St. Philip’s 2006 celebration of the combined festival of All Souls and All Saints included Joseph Haydn’s eucharistic setting, the Missa brevis Sancti joannis de Deo in B♭(Hob. XXI 1.7), often called the “Little Organ Mass”. I sang in the choir.
Saint John of God (1495-1550), after whom the Mass is named, was the founder and patron of a religious order of brothers committed to the care of the sick and dying, now known in English as the Brothers of St. John of God and in German as the Barmherzige Brüder (Mercy Brothers). The Brothers have long had a hospital at Eisenstadt in Austria. It was there that the Esterhazy family, Haydn’s patrons, were generous supporters of the Order.
The Mass was written for the Order’s modest monastery church that still stands in the grounds of the modern Eisenstadt hospital. Unlike may mass settings composed for concert performance, this Missa Brevis is for use in church. Haydn may have written it as thanks for kind treatment by the monks of the hospital.
As the organ loft of the monastery church is very small, the number of musicians and singers was limited, and Haydn’s score had to be small in scale. Typically such short masses use a small orchestra (such as two violins and bass) and a four-part choir. The name “Little Organ Mass” comes from the organ solo in the Benedictus, which also has the only voice solo, for soprano. The other movements are for four-part choir chorus, violins and bass.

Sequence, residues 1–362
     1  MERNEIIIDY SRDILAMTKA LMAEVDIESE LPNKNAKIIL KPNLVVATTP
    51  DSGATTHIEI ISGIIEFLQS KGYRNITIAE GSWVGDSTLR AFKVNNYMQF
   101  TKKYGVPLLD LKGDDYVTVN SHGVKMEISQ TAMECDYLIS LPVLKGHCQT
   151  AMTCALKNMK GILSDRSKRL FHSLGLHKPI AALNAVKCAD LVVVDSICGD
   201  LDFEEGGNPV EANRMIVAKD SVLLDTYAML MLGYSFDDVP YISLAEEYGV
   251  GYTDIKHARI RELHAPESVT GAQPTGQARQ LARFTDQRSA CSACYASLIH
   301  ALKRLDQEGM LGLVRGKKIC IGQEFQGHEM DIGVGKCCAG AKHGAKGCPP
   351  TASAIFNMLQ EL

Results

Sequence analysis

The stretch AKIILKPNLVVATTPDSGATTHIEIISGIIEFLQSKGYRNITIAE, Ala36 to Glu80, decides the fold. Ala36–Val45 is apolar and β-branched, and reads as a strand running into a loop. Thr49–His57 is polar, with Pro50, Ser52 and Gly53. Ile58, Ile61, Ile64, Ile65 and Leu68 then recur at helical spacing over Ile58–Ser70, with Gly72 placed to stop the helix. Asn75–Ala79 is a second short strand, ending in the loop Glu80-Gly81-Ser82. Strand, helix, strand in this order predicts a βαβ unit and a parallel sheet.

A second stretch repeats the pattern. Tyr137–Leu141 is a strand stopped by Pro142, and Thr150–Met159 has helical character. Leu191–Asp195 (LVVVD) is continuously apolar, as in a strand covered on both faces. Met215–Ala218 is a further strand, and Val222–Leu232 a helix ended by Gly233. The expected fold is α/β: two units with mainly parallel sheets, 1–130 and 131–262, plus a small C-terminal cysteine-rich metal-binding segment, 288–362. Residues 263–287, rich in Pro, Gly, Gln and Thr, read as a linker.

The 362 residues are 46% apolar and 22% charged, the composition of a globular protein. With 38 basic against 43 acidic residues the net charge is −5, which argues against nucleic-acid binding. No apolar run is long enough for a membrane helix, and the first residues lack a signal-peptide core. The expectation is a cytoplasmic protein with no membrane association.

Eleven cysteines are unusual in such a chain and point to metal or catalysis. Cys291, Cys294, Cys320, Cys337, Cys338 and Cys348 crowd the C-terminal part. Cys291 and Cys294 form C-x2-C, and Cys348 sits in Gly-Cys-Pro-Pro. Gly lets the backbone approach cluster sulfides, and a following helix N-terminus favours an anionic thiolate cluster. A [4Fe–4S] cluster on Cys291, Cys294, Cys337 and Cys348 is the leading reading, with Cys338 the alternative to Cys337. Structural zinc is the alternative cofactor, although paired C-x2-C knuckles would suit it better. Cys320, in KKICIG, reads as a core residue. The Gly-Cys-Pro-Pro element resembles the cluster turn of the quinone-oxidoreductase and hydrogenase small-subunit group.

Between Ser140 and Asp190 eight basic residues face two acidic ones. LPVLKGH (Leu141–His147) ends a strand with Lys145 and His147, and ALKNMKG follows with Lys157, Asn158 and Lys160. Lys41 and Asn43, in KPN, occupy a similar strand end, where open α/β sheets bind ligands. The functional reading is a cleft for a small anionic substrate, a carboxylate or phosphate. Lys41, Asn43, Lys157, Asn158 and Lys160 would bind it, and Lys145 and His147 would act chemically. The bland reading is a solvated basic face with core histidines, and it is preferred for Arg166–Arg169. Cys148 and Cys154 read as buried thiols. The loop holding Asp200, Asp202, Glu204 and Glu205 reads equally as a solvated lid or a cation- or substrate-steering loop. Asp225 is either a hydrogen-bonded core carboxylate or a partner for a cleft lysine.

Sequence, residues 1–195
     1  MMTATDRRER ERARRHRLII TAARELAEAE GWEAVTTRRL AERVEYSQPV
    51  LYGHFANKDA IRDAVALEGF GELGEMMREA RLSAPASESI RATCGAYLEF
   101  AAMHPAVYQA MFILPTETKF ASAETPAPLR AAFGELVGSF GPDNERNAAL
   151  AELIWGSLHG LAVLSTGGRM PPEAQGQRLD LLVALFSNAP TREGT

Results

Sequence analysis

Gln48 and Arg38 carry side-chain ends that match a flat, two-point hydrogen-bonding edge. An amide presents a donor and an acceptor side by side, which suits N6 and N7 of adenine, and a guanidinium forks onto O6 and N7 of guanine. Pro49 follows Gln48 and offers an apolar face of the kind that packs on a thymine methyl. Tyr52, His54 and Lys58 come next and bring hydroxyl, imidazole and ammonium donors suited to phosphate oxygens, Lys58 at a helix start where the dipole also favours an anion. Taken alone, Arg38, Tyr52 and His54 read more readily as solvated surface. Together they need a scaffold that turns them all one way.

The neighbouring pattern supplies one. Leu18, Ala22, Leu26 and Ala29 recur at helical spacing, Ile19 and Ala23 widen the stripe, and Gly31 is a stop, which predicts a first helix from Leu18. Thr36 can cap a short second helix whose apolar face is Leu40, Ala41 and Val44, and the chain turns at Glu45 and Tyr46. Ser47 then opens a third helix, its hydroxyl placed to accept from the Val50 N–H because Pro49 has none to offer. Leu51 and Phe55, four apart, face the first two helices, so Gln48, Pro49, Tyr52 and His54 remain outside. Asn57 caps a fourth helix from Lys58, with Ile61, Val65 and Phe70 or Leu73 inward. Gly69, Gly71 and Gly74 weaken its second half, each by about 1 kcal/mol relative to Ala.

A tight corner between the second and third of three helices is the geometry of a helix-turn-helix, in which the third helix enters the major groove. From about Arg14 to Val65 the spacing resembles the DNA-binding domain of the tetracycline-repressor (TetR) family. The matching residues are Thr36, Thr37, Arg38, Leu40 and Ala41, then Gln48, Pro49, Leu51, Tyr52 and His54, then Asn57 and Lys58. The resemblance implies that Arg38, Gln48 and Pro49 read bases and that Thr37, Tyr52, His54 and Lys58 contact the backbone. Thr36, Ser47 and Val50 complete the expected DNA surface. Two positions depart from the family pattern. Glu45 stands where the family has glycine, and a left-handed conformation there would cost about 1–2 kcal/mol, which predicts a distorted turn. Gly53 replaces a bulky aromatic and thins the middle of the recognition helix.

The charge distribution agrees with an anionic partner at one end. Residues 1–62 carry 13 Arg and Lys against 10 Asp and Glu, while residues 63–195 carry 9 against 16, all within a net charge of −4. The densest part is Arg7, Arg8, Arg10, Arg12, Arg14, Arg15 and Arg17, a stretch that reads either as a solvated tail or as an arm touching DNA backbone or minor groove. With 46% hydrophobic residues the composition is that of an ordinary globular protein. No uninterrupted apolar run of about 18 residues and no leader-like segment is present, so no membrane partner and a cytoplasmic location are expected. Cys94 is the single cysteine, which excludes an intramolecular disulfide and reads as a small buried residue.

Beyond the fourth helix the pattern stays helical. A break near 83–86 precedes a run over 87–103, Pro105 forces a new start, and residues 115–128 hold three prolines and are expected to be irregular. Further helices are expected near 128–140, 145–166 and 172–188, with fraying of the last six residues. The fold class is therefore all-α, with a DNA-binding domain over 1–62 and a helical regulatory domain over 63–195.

Fourteen masses by Haydn survive, including two fragments found in the last fifty years or so. He composed four, possibly five, short masses. The Missa brevis Sancti Joannis de Deo was his last in this form and probably dates between 1775 and 1778.
The text of the Missa brevis, as with many musical settings of the Eucharist, is from the Ordinary of the Mass, the part of the Mass that is always sung or recited. These words are used in both the Roman Catholic Mass and in Anglican Holy Communion Services – such as the Second Order Holy Communion service of An Australian Prayer Book.. Thus Haydn’s setting is in the usual six section Kyrie, Gloria, Credo, Benedictus, Sanctus and Agnus Dei. But it also follows the common practice of the Missa brevis with compacted versions of the Gloria and Credo, in which phrases are allowed to overlap, making the text (in any case in Latin) sometimes difficult to follow.
The Baroque monastic church of the Barmherzigen Brothers at Eisenstadt was built in 1739, though the original chapel may have been built in 1712-13. When the Barmherzigen Brothers came to Eisenstadt the chapel was renewed under the patronage of Prince Paul of Esterhazy. The small organ of the Barmherzigenkirche Eisenstadt originates from 1732 and is in full working order following restoration to its original condition in 1969.